Apr 30 • 10M

Sampling the iconic snack of Canada in Memphis

A Snack Stack expert investigation

Doug Mack / Snack Stack
Comment1
Share
 
1.0×
0:00
-9:53
Open in playerListen on);
A bite-sized newsletter about snacks around the world, with three new snacks every week. Flavored with curiosity.
Episode details
1 comment

Hello, Snackers. Welcome to the first audio edition of Snack Stack.

I’m in Memphis for a travel writing conference and I've been eating a LOT of barbecue (recommendation: Elwood's Shack, in the parking lot of a Lowe’s big-box store) and fried chicken (Gus's lives up to the hype).

Also on the menu: ketchup chips, a Canadian delicacy brought down from Québec by my friend Pamela MacNaughtan. She thought it would be fun to do a tasting with some other travel writers—and she was, of course, correct.

And so it was that on Friday, we convened a panel of experts/friends at a table tucked under the long escalators inside the soaring lobby of our conference Sheraton. In attendance:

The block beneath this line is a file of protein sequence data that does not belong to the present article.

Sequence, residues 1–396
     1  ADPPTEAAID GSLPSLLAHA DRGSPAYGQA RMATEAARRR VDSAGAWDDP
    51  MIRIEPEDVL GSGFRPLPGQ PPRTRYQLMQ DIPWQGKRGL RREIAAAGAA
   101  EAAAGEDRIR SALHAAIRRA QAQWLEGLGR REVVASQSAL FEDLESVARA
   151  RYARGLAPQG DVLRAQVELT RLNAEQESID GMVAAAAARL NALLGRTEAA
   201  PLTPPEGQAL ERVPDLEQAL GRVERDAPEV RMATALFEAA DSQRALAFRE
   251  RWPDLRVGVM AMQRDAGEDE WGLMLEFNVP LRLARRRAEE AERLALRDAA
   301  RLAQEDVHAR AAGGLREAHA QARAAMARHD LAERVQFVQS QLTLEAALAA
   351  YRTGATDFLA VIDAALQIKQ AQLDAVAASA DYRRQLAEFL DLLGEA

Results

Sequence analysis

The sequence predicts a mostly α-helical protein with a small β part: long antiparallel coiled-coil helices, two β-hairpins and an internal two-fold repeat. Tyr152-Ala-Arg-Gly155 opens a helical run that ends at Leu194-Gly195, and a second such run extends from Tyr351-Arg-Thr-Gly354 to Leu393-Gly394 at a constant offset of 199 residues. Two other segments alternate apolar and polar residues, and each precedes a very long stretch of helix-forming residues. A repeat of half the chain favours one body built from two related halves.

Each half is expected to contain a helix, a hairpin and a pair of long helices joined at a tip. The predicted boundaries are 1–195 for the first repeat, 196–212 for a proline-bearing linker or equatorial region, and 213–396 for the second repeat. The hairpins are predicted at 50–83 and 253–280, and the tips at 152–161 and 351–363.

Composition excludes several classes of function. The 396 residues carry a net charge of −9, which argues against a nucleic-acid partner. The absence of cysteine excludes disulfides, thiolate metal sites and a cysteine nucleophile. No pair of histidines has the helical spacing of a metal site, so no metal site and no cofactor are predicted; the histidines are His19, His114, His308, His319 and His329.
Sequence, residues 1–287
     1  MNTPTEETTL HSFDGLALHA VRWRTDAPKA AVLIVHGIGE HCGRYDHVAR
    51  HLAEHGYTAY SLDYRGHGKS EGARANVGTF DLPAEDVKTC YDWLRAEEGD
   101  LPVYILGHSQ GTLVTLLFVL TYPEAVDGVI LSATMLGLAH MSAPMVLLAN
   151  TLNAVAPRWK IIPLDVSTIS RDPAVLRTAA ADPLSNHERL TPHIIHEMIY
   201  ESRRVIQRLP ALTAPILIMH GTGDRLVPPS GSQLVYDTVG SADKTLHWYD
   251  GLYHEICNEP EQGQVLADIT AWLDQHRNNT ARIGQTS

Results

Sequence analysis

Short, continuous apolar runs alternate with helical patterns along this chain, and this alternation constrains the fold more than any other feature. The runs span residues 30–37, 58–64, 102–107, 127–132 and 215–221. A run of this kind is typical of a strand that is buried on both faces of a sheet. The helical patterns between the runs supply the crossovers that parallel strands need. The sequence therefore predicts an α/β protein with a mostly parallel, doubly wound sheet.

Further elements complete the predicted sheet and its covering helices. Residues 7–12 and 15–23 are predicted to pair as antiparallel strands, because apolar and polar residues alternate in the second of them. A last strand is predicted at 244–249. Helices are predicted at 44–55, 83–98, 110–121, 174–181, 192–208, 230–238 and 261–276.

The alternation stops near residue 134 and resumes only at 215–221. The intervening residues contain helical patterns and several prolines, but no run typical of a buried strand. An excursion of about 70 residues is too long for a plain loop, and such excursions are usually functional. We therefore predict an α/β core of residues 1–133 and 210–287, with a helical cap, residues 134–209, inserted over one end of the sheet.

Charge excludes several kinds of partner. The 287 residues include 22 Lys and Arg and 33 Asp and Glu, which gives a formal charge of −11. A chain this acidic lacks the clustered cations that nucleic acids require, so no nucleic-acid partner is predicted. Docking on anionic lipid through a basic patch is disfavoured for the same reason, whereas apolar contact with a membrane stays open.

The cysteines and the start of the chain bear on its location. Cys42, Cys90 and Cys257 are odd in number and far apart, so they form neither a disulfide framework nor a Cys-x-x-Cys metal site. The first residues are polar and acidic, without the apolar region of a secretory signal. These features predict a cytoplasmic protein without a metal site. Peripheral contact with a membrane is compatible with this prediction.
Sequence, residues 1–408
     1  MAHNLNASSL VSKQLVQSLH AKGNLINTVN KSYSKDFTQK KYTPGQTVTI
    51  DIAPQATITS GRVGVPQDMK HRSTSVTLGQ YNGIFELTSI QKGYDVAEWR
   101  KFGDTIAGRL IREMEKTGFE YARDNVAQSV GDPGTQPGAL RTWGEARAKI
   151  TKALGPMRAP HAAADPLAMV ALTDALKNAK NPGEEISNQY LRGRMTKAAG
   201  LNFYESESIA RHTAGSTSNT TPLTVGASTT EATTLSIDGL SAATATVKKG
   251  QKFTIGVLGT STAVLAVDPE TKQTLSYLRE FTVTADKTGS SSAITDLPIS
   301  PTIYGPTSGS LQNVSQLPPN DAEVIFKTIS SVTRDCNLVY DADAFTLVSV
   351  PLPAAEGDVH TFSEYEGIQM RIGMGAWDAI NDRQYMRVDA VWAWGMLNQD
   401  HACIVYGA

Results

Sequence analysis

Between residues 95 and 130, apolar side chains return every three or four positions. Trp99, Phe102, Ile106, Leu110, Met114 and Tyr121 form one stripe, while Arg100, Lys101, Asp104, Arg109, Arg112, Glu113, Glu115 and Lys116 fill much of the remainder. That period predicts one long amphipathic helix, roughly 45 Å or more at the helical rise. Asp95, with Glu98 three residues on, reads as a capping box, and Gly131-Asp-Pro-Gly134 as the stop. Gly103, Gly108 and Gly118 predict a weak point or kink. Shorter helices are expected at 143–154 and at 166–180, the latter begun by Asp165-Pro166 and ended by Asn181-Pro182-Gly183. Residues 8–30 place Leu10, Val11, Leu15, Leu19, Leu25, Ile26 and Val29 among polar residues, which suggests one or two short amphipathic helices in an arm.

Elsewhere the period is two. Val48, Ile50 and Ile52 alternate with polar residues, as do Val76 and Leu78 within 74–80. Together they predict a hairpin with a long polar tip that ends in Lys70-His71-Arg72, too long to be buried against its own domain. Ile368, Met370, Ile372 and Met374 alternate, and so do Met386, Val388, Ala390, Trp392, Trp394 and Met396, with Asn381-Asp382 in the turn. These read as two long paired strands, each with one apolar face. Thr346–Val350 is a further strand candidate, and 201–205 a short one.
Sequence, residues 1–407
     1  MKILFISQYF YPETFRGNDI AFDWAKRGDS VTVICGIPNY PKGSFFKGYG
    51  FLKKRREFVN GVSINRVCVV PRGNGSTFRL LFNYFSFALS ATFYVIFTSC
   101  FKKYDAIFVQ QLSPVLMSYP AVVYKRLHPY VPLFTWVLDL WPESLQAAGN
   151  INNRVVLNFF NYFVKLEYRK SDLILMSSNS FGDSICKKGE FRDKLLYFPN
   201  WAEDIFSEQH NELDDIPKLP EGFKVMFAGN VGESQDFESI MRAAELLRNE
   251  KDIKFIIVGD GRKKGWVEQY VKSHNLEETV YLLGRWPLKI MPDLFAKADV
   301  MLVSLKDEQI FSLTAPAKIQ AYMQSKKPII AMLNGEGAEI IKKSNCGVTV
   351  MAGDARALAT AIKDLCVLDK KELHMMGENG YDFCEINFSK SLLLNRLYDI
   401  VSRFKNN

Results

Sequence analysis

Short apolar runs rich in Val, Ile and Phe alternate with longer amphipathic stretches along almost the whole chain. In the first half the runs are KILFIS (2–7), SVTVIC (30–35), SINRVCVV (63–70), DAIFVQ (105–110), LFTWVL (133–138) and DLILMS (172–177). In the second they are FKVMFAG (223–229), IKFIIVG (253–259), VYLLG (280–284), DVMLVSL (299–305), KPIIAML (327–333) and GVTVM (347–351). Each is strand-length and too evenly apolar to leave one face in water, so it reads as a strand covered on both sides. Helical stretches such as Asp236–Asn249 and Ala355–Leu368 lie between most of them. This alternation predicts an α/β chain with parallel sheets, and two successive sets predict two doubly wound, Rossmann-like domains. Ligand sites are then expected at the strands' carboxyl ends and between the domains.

Pamela MacNaughten, freelancer and creator of Urban Guide Québec

Kae Lani Palmisano, Emmy-Winning TV Host of WHYY’s ‘Check, Please!”

Joseph Hernandez, Deputy Food Editor of The Philadelphia Inquirer

Jason Cochran, Editor in Chief of Frommers.com

We've covered the history of ketchup chips previously on Snack Stack, and you'll hear a summary in the recording. But the main goal this time was simply to taste a few varieties and compare notes.

We tried four flavors of ketchup chips (Yum Yum, Old Dutch, Lay’s, and Miss Vickie's), one ketchup cracker (Crispers), and one bag of limited edition ketchup Cheetos, which came in a maple leaf shape and packaging that featured Chester Cheetah in a red bucket hat with a white maple leaf because CANADA.

Listen to our conversation to find out what we thought of the various snacks and hear some tasting notes.

(Also: Annemarie Dooling of McClatchy newspapers joined us late and decreed the last entry in our taste test—you’ll see—to be her favorite.)

Happy snacking!


Snack Stack is a reader-supported publication. To receive new posts and support my work, consider becoming a free or paid subscriber.

If you’re new here (welcome!), this is the weekly free post for Snack Stack, a newsletter that explores the history of snacks and other topics connecting food and culture (like microwave nachos and parenting or what it means to be a great food city). If you enjoy this, please share it and subscribe. Thanks so much.